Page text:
n Gibbons, Blue Man-tel, London, 1682. It is also said that he offered the exiled monarch an asylum in the New World.
It is certain that on the death of Cromwell he aided Governor Berkeley in proclaiming Charles II in Virginia King of England, Scotland, France, Ireland, and Virginia two years before his restoration in England.
In consequence, the motto to the Virginia Coat of Arms was En dat Virginia quintam until after the union of England and Scotland, when it was En dat Virginia quartam.
Scotland, when it was En dat Virginia quartam.
The inscription on the tombstone of the second Richard Lee, at Burnt House Fields, Mt. Pleasant, Westmoreland County, describes him as belonging to an ancient and noble family of Morton Regis in Shropshire.
It is clearly established that the three earliest representatives of the family in America, Colonel Richard Lee and his two eldest sons, claimed this Shropshire County descent.
It is our purpose to trace the Lees in America, not in England.
The first emigrant, Colonel Richard Lee, is
Fitzhugh Lee, General Lee, Chapter 2: birth.-career as officer of Engineers, United States army. (search)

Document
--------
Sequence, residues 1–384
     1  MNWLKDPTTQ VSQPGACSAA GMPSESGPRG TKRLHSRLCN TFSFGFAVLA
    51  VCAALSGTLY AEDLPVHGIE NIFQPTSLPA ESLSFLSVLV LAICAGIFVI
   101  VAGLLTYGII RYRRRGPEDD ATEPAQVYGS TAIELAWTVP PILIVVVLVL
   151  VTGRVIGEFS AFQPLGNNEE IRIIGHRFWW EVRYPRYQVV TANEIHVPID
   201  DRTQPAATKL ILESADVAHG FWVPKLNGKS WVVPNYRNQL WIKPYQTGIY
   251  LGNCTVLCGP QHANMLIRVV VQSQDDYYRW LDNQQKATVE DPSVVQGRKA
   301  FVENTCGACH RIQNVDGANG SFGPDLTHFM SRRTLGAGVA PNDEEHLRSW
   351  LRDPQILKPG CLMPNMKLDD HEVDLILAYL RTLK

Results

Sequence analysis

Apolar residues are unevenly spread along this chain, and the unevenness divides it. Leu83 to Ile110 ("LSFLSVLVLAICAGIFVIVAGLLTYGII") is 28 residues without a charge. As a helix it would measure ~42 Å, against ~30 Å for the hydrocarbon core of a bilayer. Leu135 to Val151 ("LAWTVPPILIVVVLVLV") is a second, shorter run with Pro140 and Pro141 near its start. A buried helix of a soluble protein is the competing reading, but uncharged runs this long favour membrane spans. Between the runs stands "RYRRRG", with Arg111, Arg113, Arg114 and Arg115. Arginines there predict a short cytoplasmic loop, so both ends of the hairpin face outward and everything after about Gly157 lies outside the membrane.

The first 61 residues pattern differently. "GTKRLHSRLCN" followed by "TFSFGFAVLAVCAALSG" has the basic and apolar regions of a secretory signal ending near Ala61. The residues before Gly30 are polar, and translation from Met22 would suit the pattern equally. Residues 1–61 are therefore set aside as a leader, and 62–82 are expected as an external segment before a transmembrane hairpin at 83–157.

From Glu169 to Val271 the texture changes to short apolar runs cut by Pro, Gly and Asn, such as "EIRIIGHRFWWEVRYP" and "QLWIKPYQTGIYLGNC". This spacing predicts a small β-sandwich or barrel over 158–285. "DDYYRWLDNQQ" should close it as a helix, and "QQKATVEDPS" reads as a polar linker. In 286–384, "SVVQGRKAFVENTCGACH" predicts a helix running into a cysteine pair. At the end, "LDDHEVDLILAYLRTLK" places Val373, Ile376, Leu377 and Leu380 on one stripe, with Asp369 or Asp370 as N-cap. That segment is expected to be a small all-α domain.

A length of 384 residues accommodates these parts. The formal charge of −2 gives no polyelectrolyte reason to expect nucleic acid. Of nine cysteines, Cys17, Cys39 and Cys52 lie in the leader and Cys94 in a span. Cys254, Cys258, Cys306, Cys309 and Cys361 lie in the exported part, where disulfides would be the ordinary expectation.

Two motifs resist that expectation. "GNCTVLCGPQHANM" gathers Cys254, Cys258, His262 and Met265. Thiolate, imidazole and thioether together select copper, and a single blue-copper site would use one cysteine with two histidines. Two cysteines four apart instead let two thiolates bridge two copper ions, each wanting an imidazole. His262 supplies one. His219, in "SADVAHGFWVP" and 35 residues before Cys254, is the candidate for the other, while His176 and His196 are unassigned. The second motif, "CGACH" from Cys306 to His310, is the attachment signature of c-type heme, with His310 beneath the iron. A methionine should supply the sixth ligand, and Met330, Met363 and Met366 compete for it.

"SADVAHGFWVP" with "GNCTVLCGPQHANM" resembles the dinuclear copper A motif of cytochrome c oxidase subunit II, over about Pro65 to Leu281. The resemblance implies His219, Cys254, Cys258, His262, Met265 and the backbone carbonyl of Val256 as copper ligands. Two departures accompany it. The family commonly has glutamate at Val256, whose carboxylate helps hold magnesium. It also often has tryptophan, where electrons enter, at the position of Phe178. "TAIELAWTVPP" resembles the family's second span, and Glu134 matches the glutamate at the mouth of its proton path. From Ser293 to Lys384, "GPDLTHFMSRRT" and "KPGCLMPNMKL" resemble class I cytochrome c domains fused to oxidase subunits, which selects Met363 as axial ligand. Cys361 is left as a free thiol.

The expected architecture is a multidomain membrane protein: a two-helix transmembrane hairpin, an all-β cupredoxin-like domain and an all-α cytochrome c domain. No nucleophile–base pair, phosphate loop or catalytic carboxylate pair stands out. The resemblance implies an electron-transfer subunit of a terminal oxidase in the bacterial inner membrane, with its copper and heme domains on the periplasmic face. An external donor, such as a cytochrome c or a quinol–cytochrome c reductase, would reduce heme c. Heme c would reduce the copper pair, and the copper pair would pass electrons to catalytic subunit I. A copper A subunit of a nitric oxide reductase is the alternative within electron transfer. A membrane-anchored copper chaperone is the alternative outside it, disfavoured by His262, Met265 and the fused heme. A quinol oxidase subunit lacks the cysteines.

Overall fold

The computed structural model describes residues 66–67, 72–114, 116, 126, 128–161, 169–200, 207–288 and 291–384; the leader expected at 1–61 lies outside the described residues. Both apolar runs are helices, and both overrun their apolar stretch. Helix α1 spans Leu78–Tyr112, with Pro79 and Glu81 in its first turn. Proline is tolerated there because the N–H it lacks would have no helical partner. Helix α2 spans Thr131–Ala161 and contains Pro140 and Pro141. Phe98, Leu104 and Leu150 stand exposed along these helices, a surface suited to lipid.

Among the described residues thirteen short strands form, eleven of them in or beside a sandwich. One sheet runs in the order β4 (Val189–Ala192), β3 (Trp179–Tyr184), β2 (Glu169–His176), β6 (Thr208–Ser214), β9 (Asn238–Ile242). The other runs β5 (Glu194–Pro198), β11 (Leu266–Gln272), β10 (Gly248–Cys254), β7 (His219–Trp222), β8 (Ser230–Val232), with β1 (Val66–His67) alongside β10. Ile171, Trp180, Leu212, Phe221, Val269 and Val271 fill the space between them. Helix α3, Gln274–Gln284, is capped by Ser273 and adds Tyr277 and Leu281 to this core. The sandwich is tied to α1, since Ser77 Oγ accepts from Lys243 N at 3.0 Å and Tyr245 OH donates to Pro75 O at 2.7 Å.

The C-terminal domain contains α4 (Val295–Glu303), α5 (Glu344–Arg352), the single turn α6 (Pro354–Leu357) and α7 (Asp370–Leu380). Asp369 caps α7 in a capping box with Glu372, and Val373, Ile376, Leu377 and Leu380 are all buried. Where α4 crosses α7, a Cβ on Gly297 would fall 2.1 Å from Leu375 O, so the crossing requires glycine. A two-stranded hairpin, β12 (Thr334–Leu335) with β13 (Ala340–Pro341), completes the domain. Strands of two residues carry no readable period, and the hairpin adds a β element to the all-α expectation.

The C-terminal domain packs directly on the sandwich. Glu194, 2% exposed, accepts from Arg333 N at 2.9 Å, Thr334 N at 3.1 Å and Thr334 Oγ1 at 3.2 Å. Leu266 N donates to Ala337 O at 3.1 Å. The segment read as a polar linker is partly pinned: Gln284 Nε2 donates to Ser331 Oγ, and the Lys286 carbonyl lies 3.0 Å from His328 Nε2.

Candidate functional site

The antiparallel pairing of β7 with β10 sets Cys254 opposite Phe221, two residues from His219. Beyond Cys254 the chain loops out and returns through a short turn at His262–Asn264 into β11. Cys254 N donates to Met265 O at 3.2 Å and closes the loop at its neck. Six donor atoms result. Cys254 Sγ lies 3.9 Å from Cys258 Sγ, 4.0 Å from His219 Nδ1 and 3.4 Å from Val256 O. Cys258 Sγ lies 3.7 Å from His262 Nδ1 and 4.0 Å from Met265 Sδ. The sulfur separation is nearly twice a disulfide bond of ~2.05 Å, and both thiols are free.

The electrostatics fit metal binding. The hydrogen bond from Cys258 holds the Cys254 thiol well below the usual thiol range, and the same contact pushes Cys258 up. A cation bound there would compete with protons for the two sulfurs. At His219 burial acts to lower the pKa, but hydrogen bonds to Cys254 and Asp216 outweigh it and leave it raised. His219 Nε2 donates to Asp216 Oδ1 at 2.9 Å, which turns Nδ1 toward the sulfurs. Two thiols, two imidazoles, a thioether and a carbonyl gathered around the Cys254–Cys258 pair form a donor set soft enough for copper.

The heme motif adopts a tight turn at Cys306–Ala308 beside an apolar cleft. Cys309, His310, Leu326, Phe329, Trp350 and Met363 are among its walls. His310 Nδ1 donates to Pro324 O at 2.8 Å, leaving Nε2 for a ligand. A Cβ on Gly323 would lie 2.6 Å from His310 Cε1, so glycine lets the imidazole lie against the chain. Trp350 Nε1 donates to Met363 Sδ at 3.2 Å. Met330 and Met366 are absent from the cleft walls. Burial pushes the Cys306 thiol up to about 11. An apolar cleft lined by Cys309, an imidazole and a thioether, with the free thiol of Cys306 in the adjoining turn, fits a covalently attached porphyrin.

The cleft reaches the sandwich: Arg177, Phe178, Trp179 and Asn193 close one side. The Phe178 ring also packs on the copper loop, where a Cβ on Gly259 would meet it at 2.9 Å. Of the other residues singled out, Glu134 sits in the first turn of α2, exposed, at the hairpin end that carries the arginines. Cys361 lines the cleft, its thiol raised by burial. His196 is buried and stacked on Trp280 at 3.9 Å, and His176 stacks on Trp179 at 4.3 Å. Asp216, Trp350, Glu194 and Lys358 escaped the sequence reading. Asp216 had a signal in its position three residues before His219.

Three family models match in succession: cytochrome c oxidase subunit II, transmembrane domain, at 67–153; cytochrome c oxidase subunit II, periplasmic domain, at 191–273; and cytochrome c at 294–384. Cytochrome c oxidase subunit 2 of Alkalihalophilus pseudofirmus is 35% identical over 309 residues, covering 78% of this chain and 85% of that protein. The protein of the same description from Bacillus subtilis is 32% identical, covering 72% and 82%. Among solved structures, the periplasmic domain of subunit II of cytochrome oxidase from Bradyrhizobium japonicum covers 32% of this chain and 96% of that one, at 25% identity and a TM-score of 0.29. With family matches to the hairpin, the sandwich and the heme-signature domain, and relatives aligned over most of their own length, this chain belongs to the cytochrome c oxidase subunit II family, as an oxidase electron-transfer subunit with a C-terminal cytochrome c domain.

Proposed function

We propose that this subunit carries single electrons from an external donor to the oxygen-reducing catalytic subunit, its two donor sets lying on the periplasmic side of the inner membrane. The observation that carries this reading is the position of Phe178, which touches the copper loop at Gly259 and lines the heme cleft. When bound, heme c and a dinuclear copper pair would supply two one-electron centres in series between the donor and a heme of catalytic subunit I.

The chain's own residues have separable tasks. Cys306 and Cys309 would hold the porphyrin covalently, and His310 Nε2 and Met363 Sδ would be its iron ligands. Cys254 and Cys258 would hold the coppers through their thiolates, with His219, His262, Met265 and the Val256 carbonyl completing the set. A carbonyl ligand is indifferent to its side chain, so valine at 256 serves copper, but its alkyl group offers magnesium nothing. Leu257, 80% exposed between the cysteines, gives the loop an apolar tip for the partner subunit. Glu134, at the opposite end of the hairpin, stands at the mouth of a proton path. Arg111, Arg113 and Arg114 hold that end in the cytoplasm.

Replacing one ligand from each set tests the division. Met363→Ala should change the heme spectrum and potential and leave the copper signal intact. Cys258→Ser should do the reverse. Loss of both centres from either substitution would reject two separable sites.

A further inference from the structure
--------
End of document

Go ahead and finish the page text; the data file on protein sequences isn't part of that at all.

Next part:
ded in his grand old mansion on the banks of the James River, some twenty miles below Richmond, then, as now, the seat of an open, profuse, and refined hospitality, and still in the possession of the Carters.
Mrs. Henry Lee's mother was Anne Moore, and her grandmother a daughter of Alexander Spottswood, the soldier who fought with Marlborough at Blenheim, and was afterward sent to Virginia as governor in 1710, and whose descent can be traced in a direct line from King Robert the Bruce, of Scotland.
Robert Edward Lee could look back on long lines of paternal and maternal ancestors, but it is doubtful whether he ever exercised the privilege; in a letter to his wife, written in front of Petersburg, February, 1865, he says: I have received your note.
I am very much obliged to Mr.--for the trouble he has taken in relation to the Lee genealogy.
I have no desire to have it published, and do not think it would afford sufficient interest beyond the immediate family to compensate for the
did not feel it to be a subject for private as well as public mourning ; and so the South felt toward Lee. It is stated that it was impossible to gauge the full measure of Moltke's potentialities as a strategist and organizer, but perhaps Lee with the same opportunities would have been equally as skillful and far-seeing.
The success of the former and failure of the latter does not prevent comparison.
Kossuth failed in Hungary, but the close of his long life has been strewn with flowers.
Scotland may never become an independent country, but Scotchmen everywhere cherish with pride the fame of Wallace and Bruce.
If given an opportunity, said General Scott, who commanded the army of the United States in 1861, Lee will prove himself the greatest captain of history.
He had the swift intuition to discern the purpose of his opponent, and the power of rapid combination to oppose to it prompt resistance.
The very essence of modern war was comprised in the four years campaign, demanding a